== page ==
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            Race and gender on the brain: electrocortical measures of attention to the race and gender of multiply categorizable individuals.

            The degree to which perceivers automatically attend to and encode social category information was investigated. Event-related brain potentials were used to assess attentional and working-memory processes on-line as participants were presented with pictures of Black and White males and females. The authors found that attention was preferentially directed to Black targets very early in processing (by about 100 ms after stimulus onset) in both experiments. Attention to gender also emerged early but occurred about 50 ms later than attention to race. Later working-memory processes were sensitive to more complex relations between the group memberships of a target individual and the surrounding social context. These working-memory processes were sensitive to both the explicit categorization task participants were performing as well as more implicit, task-irrelevant categorization dimensions. Results are consistent with models suggesting that information about certain category dimensions is encoded relatively automatically.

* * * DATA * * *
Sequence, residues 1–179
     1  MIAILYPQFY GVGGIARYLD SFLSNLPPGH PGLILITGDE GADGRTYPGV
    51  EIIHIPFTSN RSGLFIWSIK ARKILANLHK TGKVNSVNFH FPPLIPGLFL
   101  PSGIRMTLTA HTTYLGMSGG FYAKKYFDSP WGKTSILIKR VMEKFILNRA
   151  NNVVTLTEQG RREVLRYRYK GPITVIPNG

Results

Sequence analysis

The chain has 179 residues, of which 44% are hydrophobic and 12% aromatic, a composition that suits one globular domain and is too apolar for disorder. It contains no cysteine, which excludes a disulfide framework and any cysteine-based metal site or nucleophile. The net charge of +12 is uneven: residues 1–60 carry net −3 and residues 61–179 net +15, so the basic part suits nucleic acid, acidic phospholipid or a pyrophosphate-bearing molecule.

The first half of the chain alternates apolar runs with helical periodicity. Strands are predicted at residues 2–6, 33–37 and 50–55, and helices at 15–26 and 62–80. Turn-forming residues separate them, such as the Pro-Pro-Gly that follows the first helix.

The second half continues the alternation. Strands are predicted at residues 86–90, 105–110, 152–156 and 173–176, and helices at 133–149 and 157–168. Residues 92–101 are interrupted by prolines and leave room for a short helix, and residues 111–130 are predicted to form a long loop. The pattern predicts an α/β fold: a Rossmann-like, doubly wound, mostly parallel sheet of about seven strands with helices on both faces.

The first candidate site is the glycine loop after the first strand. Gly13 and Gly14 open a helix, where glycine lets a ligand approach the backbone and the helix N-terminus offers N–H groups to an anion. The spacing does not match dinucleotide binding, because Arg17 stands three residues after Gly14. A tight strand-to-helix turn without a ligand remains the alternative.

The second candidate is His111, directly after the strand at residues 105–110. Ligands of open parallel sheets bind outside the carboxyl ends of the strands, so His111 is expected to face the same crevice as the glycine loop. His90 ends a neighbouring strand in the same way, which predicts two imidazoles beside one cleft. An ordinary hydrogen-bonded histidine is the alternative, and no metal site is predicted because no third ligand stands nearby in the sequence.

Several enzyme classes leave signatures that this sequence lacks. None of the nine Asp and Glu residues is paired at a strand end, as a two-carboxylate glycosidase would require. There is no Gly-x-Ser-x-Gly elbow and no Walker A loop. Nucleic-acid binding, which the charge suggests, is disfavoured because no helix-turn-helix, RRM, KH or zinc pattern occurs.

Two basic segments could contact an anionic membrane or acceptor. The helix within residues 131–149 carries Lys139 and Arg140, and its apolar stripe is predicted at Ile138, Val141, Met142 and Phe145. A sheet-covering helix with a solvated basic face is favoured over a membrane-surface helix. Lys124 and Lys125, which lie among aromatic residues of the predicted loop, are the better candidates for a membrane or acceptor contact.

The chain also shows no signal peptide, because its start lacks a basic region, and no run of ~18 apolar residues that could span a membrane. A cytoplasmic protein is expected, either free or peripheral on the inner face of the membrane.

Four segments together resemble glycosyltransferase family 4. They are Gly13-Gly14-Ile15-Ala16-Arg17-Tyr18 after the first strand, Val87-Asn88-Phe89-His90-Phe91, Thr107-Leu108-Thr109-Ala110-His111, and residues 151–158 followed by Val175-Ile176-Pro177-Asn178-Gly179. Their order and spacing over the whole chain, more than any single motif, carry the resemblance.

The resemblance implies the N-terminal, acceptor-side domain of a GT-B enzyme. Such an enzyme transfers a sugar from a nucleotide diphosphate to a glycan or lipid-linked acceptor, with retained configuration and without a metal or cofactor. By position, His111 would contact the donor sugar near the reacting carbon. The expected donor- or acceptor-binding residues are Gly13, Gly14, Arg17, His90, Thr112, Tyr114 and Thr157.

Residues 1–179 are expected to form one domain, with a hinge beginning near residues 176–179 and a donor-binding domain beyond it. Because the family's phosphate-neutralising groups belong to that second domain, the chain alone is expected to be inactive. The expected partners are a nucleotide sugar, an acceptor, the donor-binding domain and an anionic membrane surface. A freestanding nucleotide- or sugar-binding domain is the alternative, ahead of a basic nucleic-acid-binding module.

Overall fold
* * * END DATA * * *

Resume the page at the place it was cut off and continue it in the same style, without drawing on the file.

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              Lower level mediation in multilevel models.

              Multilevel models are increasingly used to estimate models for hierarchical and repeated measures data. The authors discuss a model in which there is mediation at the lower level and the mediational links vary randomly across upper level units. One repeated measures example is a case in which a person's daily stressors affect his or her coping efforts, which affect his or her mood, and both links vary randomly across persons. Where there is mediation at the lower level and the mediational links vary randomly across upper level units, the formulas for the indirect effect and its standard error must be modified to include the covariance between the random effects. Because no standard method can estimate such a model, the authors developed an ad hoc method that is illustrated with real and simulated data. Limitations of this method and characteristics of an ideal method are discussed.
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                Author and article information

                Journal
                Social Psychological and Personality Science
                Social Psychological and Personality Science
                SAGE Publications
                1948-5506
                1948-5514
                July 08 2015
                August 07 2015
                : 6
                : 8
                : 887-895
                Article
                10.1177/1948550615598379
                4629255
                26543521
                5b6fabc4-dbdc-489c-b953-9cd222e496c6
                © 2015

                http://journals.sagepub.com/page/policies/text-and-data-mining-license